Recap of today’s events:
- Epic used a server-side update in Fortnite to bypass the iOS App Store and Google Play Store to display a new payment option run by Epic. This option for in-game digital goods bypasses the 30% Apple/Google fee entirely and passes on the “savings” to the consumer.
- Apple kicked Fortnite off the App Store.
- Epic filed a “complaint for injunctive relief” against Apple.
Epic’s Tencent connection and anti-Linux history have been troubling for a while, but on the other hand 30% has been seen by some as overly-steep for years now. I don’t really agree with the “monopoly” argument against Apple – Apple customers know what they’re buying into, and that’s a closed ecosystem tightly controlled by Apple. Not being able to sideload or use alternative app stores is a feature, not a bug, for Apple customers. And clearly they don’t have a monopoly on smartphone OSes (22% share), but the argument they have a monopoly on iOS app stores doesn’t hold much water.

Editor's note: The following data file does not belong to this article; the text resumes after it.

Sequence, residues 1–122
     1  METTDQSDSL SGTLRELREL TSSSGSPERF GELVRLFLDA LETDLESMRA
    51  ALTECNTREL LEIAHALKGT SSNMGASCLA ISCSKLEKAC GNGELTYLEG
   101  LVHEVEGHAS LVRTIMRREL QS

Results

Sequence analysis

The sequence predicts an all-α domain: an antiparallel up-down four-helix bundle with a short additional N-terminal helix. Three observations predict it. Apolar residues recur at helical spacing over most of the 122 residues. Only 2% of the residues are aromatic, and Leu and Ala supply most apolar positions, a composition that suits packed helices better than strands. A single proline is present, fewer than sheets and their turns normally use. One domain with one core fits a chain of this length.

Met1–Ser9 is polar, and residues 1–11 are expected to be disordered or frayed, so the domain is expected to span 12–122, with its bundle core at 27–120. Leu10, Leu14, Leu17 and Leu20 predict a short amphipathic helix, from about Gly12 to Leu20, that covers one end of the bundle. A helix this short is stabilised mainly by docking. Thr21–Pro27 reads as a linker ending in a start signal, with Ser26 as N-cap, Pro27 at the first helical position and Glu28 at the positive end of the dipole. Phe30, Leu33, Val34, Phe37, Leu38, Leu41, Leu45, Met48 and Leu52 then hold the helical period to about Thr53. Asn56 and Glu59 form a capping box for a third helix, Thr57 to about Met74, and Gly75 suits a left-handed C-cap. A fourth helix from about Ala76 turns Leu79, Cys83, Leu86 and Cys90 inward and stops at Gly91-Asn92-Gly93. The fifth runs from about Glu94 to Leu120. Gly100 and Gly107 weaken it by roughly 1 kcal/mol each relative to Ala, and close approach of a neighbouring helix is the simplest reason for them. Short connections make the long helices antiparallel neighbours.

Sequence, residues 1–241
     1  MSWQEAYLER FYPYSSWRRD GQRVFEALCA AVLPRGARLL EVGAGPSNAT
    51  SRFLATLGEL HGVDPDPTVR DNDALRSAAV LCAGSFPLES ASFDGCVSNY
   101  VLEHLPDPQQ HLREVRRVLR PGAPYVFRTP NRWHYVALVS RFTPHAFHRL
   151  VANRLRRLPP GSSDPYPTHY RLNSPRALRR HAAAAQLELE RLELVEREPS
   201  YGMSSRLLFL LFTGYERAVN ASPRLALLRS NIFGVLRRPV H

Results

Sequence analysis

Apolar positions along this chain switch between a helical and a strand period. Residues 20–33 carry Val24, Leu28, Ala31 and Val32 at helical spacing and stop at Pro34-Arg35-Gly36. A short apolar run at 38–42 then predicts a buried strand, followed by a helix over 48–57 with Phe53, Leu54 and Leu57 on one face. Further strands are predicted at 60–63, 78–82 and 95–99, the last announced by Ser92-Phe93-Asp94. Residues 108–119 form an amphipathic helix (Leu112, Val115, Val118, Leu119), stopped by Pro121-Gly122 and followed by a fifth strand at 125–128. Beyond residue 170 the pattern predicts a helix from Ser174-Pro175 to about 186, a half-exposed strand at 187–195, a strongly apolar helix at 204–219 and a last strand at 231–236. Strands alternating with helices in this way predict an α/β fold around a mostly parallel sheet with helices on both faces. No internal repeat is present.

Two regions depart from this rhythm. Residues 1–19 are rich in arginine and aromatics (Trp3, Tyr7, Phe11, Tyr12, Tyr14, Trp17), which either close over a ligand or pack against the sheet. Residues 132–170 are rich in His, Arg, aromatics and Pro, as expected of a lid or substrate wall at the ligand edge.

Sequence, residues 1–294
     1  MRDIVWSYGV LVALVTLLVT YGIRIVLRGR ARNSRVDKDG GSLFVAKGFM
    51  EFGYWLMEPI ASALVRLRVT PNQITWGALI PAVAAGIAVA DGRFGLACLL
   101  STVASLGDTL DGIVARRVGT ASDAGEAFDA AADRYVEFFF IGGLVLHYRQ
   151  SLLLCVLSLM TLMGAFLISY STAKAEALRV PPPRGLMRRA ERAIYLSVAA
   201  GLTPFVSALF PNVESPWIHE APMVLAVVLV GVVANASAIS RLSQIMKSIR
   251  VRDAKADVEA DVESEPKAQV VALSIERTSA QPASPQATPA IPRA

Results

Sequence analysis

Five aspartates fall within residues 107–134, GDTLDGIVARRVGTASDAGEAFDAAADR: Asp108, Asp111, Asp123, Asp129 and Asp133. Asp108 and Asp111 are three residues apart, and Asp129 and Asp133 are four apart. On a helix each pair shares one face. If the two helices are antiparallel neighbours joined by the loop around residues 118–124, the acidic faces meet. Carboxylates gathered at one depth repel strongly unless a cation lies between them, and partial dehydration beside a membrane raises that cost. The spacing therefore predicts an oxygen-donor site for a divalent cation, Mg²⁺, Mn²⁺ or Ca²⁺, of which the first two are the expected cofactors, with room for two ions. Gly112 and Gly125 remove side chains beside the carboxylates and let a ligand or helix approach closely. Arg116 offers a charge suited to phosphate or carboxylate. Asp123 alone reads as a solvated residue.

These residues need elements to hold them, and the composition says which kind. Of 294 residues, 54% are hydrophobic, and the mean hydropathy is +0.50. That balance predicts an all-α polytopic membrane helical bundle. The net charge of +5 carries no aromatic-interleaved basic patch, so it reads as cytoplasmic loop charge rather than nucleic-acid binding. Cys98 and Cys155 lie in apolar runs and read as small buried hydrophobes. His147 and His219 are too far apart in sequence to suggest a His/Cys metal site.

US antitrust law seems to mostly focus on whether a company’s practices hurt consumers / raise prices, and that seems to be what Epic’s going for with their stunt here – “clearly” showing the “Apple tax” raising the price of Z-Bucks or whatever the fuck (god Fortnite makes me feel so fucking old… I didn’t feel like this when Minecraft blew up, I understood that…)
The fight is mostly Epic vs. Apple, though (at time of post) it remains to be seen if Google will kick the app too. Epic tried to launch their own Android app store but “caved” and started using Google Play because “Google makes it really hard to sideload.” (Ignoring that 1. sideloading is a possibility you don’t get on non-rooted iOS, and 2. it’s hard by design as sideloading is a potent malware vector, and Google’s content partners probably see it as an open door to piracy.)
It’s possible Google doesn’t take it down, because their Play Store terms give slightly more leeway to this kind of thing last I checked… but it has been a while.